Both sides of Saint-Sorlin, "City" and the village of Collonges, once clearly separated, are now joined by new constructions. The "City" is essentially the rise of the church and the adjacent streets, lined with old houses and remains of fortifications. Two types of houses are included: the type Bugey with a saltbox roof, going far beyond the facade, and the type Savoy (cottage type) with a gable roof framing a gable. Whether of one kind or another, these houses have a common point, climbing stairs outside because the house is upstairs. On the ground floor houses the cellar and stable. The canopy is home to vast reserves of timber and crops.
The noble families of Saint-Sorlin were at the beginning of military nobility, and many lords, time function completed, settled in Saint-Sorlin. Become useless in peacetime, the aristocracy was replaced gradually by a bourgeoisie de robe (judges, lawyers, prosecutors, curial), some families were ennobled for their turn. When the court of Saint-Sorlin was transferred to Saint-Rambert (1607) and although the "lawyers" still live Saint-Sorlin, the decline of the village began.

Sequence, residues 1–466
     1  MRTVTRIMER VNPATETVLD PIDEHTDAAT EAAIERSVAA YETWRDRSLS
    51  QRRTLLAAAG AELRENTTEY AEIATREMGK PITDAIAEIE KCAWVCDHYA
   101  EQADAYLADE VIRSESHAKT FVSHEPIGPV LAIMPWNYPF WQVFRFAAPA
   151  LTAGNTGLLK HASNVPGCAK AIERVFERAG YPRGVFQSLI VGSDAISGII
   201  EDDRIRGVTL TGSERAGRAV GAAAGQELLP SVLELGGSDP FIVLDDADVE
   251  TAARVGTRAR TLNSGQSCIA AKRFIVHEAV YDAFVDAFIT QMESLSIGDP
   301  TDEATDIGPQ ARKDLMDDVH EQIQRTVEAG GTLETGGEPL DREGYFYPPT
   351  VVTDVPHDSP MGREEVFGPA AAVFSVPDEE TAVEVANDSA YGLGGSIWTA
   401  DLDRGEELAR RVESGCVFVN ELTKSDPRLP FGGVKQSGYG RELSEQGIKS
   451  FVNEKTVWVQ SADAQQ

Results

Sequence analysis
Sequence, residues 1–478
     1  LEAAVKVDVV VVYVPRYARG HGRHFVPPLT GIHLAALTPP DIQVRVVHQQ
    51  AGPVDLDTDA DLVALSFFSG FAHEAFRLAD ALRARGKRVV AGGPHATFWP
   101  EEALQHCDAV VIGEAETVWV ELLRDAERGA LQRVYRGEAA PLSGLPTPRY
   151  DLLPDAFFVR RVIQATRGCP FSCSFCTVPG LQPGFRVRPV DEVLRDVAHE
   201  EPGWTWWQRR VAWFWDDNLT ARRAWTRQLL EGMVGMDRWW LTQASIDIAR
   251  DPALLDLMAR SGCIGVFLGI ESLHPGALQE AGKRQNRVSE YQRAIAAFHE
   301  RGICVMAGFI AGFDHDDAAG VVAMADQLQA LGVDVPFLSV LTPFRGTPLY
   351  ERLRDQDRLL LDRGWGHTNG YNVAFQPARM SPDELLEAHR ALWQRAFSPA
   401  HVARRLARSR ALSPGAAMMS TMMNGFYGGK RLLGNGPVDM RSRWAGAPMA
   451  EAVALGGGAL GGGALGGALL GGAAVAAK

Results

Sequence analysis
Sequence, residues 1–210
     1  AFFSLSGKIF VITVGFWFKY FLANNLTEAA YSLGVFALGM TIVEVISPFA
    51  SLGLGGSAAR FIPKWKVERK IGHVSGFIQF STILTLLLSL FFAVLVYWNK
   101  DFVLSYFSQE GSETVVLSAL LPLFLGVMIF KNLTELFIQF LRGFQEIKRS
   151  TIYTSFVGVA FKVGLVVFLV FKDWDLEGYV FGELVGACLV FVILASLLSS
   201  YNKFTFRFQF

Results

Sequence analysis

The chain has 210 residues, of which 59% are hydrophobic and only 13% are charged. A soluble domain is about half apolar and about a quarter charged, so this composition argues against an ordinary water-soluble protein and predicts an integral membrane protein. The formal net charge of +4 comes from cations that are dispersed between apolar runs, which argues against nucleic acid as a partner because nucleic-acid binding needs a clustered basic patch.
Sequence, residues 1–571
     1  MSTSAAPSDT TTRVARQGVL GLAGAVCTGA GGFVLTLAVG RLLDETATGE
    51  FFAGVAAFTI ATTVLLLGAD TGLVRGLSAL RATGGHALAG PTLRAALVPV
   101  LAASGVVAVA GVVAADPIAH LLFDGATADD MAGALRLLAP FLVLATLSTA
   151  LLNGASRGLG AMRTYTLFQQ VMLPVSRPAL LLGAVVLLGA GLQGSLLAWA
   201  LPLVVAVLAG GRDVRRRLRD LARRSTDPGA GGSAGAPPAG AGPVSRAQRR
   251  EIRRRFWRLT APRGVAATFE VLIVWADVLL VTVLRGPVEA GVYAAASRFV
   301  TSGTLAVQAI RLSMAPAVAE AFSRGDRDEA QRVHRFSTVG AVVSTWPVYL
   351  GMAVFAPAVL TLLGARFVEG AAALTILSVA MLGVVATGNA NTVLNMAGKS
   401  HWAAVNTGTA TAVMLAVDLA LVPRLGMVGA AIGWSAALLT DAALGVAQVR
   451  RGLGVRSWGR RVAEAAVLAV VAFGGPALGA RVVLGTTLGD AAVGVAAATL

A note in the village, the fresco of St. Christopher, the Place de la Halle, with the old measurement of Saint Sorlin, the castle entrance Molard, taking a steep slope, the washing of Arémont and continuing the climb towards the church, the great so-called "small Bessey" home. Collonges at the northern end of the town contains the remains of the venerable "Tour de la Fontaine" a wash where the water flowed at all times but that was decorated in the early 19th century by a colonnade, and the house so-called "Prost Cuchet" Renaissance.
The four washing the village, including the Collonges Historical Monument.